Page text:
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August 30, 2018

Highly durable silicon carbide (SiC) power semiconductor
"TED-MOS" for energy saving in electric vehicle motors

Realizing 50% energy conservation and reducing electric field strength by 40%

Tokyo, August 30, 2018 --- Hitachi, Ltd. (TSE: 6501, Hitachi) today announced the development of an original energy saving power semiconductor structure,*1 "TED-MOS*2" using next-generation silicon carbide (SiC) material that contributes to saving energy in electric vehicles (EV). This power semiconductor is a new device using a fin-structured trench MOSFET*3*4 based on the conventional DMOS-FET*5, a SiC transistor of power semiconductor. Using this new device, an energy saving of 50% was confirmed as the structure reduces the electric field strength, an index of durability, by 40% and resistance by 25% compared to the conventional DMOS-FET. Hitachi intends to apply this device in motor drive inverters*6 which are a core component of EVs to increase energy efficiency. Furthermore, by utilizing this technology not only in EVs but also in a range of electrical transducers used in societal infrastructure systems, Hitachi hopes to contribute to efforts to reduce global warming and the realization of a low-carbon society.

With the anticipated increase in global energy demand, targets to reduce environmental load are being set through initiatives such as the SDGs and COP21 to realize a sustainable society. As the adoption of EVs is also expected to increase dramatically, reducing EV power consumption is considered critical, Thus, the use of power semiconductors using SiC as the semiconductor material which can deliver significant energy savings for inverters, is attracting much attention. One issue, however, is that in SiC power semiconductor, unlike silicon (Si) devices, the resistance varies greatly depending on the crystal plane. Although trench SiC MOSFET (Fig. 1(2)) has been proposed as a means to facilitate the flow of electric current on the crystal plane at a lower resistance in comparison to the conventional DMOS-FET (Fig. 1(1)) structure, as electric fields easily concentrate at the edges of the trench on the base plane, it was difficult to simultaneously achieve high durability.

To address this challenge, Hitachi developed an original fin-structure trench DMOS-FET "TED-MOS" that achieved both a reduction in resistance with the smaller trench pitch and high durability with lower electric fields for industrial applications at high voltage (3.3 kV), and presented these results in May 2018 at the International Symposium on Power Semiconductor Devices and ICs (ISPSD) in Chicago, U.S.A..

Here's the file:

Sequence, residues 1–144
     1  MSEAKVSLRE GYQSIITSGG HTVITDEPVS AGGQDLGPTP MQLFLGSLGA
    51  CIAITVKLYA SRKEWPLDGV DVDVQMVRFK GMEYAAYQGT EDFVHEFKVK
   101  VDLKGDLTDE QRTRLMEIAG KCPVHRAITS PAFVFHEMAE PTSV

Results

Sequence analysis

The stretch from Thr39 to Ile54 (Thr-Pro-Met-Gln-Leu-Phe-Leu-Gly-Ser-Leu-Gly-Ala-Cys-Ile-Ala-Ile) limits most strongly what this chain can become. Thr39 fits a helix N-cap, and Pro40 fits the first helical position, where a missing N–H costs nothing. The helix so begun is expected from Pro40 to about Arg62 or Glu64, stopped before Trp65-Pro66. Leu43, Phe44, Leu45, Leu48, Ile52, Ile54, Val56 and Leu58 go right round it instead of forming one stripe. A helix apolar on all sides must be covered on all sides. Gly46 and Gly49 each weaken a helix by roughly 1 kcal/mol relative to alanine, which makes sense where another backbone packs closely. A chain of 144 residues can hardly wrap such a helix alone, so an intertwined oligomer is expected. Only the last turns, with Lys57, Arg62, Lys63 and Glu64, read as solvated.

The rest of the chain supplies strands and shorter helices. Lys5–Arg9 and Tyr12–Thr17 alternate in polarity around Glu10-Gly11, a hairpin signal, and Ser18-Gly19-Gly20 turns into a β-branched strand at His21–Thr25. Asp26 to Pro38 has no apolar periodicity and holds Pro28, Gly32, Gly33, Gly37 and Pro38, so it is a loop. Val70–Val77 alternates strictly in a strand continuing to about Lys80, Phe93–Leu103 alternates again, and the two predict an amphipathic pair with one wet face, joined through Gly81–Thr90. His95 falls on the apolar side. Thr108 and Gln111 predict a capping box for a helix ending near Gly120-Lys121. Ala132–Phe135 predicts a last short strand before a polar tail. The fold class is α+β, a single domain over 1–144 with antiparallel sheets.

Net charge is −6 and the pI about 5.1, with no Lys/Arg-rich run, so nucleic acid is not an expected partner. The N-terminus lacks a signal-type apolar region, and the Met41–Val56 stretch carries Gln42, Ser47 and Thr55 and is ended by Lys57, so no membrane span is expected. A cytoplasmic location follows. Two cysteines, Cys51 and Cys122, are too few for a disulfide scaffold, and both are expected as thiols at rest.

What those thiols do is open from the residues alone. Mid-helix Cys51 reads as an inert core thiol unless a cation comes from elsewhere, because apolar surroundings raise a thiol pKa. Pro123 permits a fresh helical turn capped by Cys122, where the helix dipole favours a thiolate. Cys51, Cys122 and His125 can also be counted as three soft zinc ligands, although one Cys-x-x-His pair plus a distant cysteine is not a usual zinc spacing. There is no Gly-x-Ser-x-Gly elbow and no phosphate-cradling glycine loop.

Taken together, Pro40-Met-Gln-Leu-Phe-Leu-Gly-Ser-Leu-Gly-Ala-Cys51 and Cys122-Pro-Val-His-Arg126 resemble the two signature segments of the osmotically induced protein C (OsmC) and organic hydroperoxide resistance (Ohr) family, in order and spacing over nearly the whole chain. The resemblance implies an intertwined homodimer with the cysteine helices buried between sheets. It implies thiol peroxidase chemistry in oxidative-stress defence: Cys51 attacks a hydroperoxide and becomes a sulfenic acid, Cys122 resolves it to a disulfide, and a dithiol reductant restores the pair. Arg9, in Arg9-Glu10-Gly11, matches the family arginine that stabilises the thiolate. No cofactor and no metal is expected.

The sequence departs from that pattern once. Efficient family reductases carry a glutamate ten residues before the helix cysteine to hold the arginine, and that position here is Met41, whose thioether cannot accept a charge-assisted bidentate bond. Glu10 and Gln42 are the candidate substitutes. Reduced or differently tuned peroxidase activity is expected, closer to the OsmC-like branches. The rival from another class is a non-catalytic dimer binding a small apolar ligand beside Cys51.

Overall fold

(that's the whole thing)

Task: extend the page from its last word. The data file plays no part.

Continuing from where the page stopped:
This time, Hitachi has enhanced the "TED-MOS" for EV inverters as they require higher current density at a lower voltage (1.2 kV) (Fig. 1(3)). The "field relaxation layer (FRL)" was developed to reduce the electric field strength extensively, where the PN junction to relax the applied voltage forms in the center of the device structure. In addition, the "current spreading layer (CSL)" was developed to reduce the resistance in the n-JFET region, which serves to form the electric current path connecting the sides of the fin-like trenches as low-resistance crystal planes and the n-JFET region. As a result, "TED-MOS" simultaneously achieves both a smaller electric field strength and lower resistance in SiC power semiconductors.

[image]Image(Figure 1)

The benefits of this technology development was verified using a prototype device. It was found that the "TED-MOS" reduced the electric field strength by 40% and resistance by 25% in comparison to the conventional DMOS-FET while maintaining the rated voltage of 1.2kV required for the motor drive in EVs. Furthermore, the modified device structure mentioned above also improved the switching speeds between ON/OFF of the power semiconductor, and as a result, energy loss in the electric current due to this switching operation was also reduced by 50%.

Going forward, Hitachi will contribute to the prevention of global warming and the realization of a low-carbon society by applying this technology to various electrical transducers, not only in EVs but also in various societal infrastructure systems.

The results of this research will be presented at the European Conference on Silicon Carbide and Related Materials (ECSCRM), to be held from 3-6 September 2018, in Birmingham, U.K.

TED-MOS: Trench Etched DMOS-FET
Semiconductor used for converters or inverter in electrical transducers
MOSFET*4 structure in which electric current flows on the sides of fin-like trenches
MOSFET: Metal-Oxide-Semiconductor Field-Effect-Transistor
DMOS-FET: Double Diffused MOSFET
Inverter: The device which controls motor number of revolutions by changing the power supply frequency of the motor freely
n+ (source): highly impurity doped n-type region (source region),P-body: p-type impurity doped region (body region),
n-JFET: n-type impurity doped Junction-barrier FET,Drain: n-type impurity doped region (drain region)

About Hitachi, Ltd.

Hitachi, Ltd. (TSE: 6501), headquartered in Tokyo, Japan, delivers innovations that answer society's challenges, combining its operational technology, information technology, and products/systems. The company's consolidated revenues for fiscal 2017 (ended March 31, 2018) totaled 9,368.6 billion yen ($88.4 billion). The Hitachi Group is an innovation partner for the IoT era, and it has approximately 307,000 employees worldwide. Through collaborative creation with customers, Hitachi is deploying Social Innovation Business using digital technologies in a broad range of sectors, including Power/Energy, Industry/Distribution/Water, Urban Development, and Finance/Social Infrastructure/Healthcare. For more information on Hitachi, please visit the company's website at

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